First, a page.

Shreya grew up in Calcutta, and moved to Bangalore when she joined Srishti School of Art, Design and Technology, where she did a two-year foundation course in Art & Design. She went on to specialise in Visual Communication and graduated with a diploma last December. During school, she was fortunate to have interned at Dev Kabir Malik Design in New Delhi for a couple of months. She is currently working a full-time job at Seventh Inc. which is a Brand & Design Consultancy in Bangalore.
I. Which are some of your biggest inspirations over the years of your artistic career?
This might be a bit odd to say, but the people I’ve worked with have really inspired me the most. I enjoy collaborative projects, and I feed off the ability to mix and merge ideas with others. I almost enjoy the fact that I don’t possess a specific style of work like many other designers. That has been possible by being inspired by other forms of art like theatre, music, film and craft.
II. Could you tell us more about the thought process behind the artwork you made us?
The artwork I made for you was part of a self-initiated project I had done back in school. I have an obsession for viewing everyday objects, and imagining them as completely different ones based on how they resemble each other in form. I looked at the therapeutic nature of music, and how its status has been elevated to that of a universal ‘instrument’ of peace and juxtaposed that with the weapons and violence that children are exposed to, whether in war zones or in violent surroundings. I merged the methods of Play Therapy and Music Therapy to design conceptual toys that serve as a self-learning experience to address behavioural issues associated with violent incidents. The toys transform from weapons like grenades, guns and tanks into musical instruments like maracas, flutes and drum kits. I explored the 3D visuals of the grenade – maraca during the course of the project.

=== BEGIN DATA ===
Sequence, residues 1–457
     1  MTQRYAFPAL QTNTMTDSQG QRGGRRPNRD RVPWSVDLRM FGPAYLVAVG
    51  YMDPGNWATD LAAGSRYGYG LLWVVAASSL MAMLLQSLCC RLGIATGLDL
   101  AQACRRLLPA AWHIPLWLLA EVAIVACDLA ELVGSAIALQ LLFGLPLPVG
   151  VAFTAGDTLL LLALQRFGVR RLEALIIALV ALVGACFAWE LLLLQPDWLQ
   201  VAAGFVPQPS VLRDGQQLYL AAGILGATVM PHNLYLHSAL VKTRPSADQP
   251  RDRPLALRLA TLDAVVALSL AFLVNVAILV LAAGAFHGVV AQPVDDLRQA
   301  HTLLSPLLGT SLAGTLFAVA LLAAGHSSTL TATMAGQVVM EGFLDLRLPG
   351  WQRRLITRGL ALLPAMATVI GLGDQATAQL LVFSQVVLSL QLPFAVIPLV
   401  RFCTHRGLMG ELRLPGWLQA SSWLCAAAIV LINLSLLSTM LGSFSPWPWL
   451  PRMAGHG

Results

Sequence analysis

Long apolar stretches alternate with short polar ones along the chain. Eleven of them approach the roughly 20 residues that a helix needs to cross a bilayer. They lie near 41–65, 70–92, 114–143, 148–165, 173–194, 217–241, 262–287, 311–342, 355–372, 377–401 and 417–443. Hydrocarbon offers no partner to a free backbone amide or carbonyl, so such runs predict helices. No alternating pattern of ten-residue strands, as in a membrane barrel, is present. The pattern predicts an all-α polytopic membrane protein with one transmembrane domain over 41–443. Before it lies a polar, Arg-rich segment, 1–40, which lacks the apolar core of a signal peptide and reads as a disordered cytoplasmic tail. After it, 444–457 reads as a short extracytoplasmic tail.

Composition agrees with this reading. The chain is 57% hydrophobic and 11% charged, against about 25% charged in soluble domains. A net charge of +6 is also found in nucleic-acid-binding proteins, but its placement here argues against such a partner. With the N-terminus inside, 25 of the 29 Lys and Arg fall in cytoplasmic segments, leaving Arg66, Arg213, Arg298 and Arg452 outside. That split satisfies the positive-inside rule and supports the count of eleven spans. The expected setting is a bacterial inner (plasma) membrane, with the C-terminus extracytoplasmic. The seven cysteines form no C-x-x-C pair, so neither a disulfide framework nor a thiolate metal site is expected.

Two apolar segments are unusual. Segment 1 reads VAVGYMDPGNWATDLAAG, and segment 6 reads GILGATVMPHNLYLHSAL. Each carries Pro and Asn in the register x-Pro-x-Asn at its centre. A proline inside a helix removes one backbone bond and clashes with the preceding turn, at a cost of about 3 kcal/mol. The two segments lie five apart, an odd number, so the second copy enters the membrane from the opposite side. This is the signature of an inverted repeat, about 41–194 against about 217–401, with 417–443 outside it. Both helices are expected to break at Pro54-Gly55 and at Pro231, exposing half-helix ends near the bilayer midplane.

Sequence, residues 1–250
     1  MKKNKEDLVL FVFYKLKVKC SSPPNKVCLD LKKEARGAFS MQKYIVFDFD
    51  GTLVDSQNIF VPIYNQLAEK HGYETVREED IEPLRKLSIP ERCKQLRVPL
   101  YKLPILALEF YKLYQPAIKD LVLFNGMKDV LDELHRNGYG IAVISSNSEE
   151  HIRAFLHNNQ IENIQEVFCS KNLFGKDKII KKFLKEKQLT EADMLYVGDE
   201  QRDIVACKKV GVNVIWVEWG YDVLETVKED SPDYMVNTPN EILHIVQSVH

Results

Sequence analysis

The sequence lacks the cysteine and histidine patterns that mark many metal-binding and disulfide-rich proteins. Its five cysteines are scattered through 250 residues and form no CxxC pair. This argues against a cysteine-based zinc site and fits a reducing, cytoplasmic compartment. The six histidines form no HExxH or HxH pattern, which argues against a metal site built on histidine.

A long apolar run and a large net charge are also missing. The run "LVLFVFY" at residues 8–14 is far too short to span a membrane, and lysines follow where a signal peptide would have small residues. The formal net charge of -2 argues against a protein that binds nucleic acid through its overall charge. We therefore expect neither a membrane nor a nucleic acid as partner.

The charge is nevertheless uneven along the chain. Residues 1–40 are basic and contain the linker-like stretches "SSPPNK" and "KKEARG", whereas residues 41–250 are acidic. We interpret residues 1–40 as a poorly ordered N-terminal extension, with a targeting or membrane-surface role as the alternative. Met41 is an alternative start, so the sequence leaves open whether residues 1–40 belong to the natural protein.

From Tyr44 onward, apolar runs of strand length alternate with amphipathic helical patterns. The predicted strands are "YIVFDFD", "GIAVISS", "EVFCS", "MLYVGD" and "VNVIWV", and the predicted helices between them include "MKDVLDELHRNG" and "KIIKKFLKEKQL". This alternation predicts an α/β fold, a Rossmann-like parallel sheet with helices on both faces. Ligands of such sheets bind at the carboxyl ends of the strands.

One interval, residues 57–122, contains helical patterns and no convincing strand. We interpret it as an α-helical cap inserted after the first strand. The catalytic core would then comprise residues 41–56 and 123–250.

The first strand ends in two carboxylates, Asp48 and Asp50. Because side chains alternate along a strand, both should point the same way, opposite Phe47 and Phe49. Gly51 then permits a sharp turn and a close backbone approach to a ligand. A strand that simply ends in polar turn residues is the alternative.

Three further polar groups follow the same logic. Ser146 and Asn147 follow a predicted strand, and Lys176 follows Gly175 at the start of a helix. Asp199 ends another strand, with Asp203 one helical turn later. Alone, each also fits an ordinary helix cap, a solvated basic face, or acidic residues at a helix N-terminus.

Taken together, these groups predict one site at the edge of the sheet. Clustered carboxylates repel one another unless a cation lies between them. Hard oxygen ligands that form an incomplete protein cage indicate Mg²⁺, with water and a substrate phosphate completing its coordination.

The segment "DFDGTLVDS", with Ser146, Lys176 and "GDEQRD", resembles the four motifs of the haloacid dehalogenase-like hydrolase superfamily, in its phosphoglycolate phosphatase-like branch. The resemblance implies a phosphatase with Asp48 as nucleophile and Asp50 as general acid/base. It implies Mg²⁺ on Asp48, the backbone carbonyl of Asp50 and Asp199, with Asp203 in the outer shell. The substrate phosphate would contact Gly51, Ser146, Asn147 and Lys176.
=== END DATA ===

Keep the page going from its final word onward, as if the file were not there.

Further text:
III. Who are some of your most inspirational artists in India and abroad?
Kacper Kiec from Poland, for his mixed media illustrations. Sagmeister & Walsh, New York, for their experimental typography and dynamic branding. Lately, I have developed a love for paper craft and so I’ll mention Hattie Newman, UK, for her paper sculptures and set designs that are beyond perfect. From India, Umbrella Design and Locopopo Design Studio.
IV. If you could work with the Indian government for an art project that you get to suggest and lead, what would that be?
I would take it upon myself to re-design the learning material that kids have to read through for 13 years of their school life. I remember fighting to stay awake and understand all the paragraphs and endless pages of stuff I would forget an hour after the exam. I’ve always wished that learning subjects would be an interactive, entertaining experience, as it would prove to be much more effective, sparing the imposing burden on Indian school children who are taught to memorise the material.
V. What are your future plans? Any projects you would like to kick off or possibly work for a big art house?